Indeed, the only really good match was the final singles bout pitting Ric Flair versus Sting; the winner of which, rather conveniently, would win the entire tournament. Sting pinned Flair to leapfrog him in the standings and win the singles tournament. That result kicked off a long running storyline in which ‘The Stinger’ would eventually dethrone ‘The Nature Boy’ for the NWA World Championship at the 1990 Great American Bash. The Steiners claimed victory in the tag team tournament.
Starrcade was a disappointing climax to what had been a superlative year on pay-per-view for WCW.
#4 Halloween Havoc
Halloween Havoc was a mixed bag. There were no four or five star classics on display, but most of the card was solid. Newcomer, Tom Zenk clashed with veteran Mike Rotundo in a decent match-up that opened the show. Plucky underdog, Zenk overcame the underhanded approach favoured by his more experienced foe. In contrast, Tommy Rich versus The Cuban Assassin was a dull bout that nobody cared about.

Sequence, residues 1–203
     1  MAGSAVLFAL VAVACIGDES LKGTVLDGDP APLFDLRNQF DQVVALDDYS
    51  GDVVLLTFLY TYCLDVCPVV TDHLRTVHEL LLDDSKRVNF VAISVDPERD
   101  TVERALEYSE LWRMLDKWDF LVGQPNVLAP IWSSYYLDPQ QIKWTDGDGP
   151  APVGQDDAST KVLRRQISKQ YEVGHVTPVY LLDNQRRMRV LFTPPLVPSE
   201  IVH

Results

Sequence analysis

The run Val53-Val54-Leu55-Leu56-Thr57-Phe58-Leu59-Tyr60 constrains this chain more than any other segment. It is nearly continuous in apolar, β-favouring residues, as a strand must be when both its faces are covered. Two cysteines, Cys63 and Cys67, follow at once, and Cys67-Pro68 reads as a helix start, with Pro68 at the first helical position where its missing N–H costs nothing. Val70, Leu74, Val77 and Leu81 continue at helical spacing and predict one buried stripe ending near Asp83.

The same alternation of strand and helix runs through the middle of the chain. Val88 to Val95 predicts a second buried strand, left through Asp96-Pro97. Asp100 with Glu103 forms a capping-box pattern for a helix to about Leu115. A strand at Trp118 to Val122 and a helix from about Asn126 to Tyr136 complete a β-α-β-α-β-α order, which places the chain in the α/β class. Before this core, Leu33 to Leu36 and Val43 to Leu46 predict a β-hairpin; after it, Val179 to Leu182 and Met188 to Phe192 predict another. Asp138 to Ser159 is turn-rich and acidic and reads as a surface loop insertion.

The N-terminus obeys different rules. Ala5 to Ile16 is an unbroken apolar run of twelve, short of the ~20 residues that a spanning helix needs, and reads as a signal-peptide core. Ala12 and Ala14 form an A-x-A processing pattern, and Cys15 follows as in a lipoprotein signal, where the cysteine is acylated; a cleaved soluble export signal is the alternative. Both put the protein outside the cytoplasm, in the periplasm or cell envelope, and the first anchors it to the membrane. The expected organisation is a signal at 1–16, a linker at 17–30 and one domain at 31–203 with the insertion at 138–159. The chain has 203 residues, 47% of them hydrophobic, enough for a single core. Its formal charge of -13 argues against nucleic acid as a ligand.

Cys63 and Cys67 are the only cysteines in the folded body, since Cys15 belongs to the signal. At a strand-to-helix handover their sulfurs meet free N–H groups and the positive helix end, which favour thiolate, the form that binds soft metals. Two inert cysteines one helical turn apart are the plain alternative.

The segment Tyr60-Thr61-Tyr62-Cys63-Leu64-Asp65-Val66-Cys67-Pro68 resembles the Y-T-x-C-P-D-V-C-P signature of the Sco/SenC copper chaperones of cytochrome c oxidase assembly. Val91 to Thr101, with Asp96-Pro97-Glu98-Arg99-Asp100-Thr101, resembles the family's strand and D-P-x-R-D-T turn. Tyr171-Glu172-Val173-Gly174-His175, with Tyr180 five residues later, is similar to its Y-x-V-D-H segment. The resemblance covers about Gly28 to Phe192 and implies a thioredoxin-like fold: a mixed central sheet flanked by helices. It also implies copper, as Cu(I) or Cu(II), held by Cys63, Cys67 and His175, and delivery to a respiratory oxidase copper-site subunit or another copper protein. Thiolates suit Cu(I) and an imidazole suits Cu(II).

The Steiner Brothers versus Doom promised much on paper, but neither squad were yet at the peak of their powers. Their 15 minute clash felt longer and did not grip the live crowd. Doom picked up the shock win.
However, the other tag team matches on the card all offered plenty of entertainment. The NWA Tag Team Titles were on the line as The Fabulous Freebirds clashed with The Dynamic Dudes. The real story was the crowd reaction to the two tandems. The heel Freebirds were over like rover and the faces, Shane Douglas and Johnny Ace were booed out of the Philadelphia Civic Center. The Freebirds retained to a rapturous reception.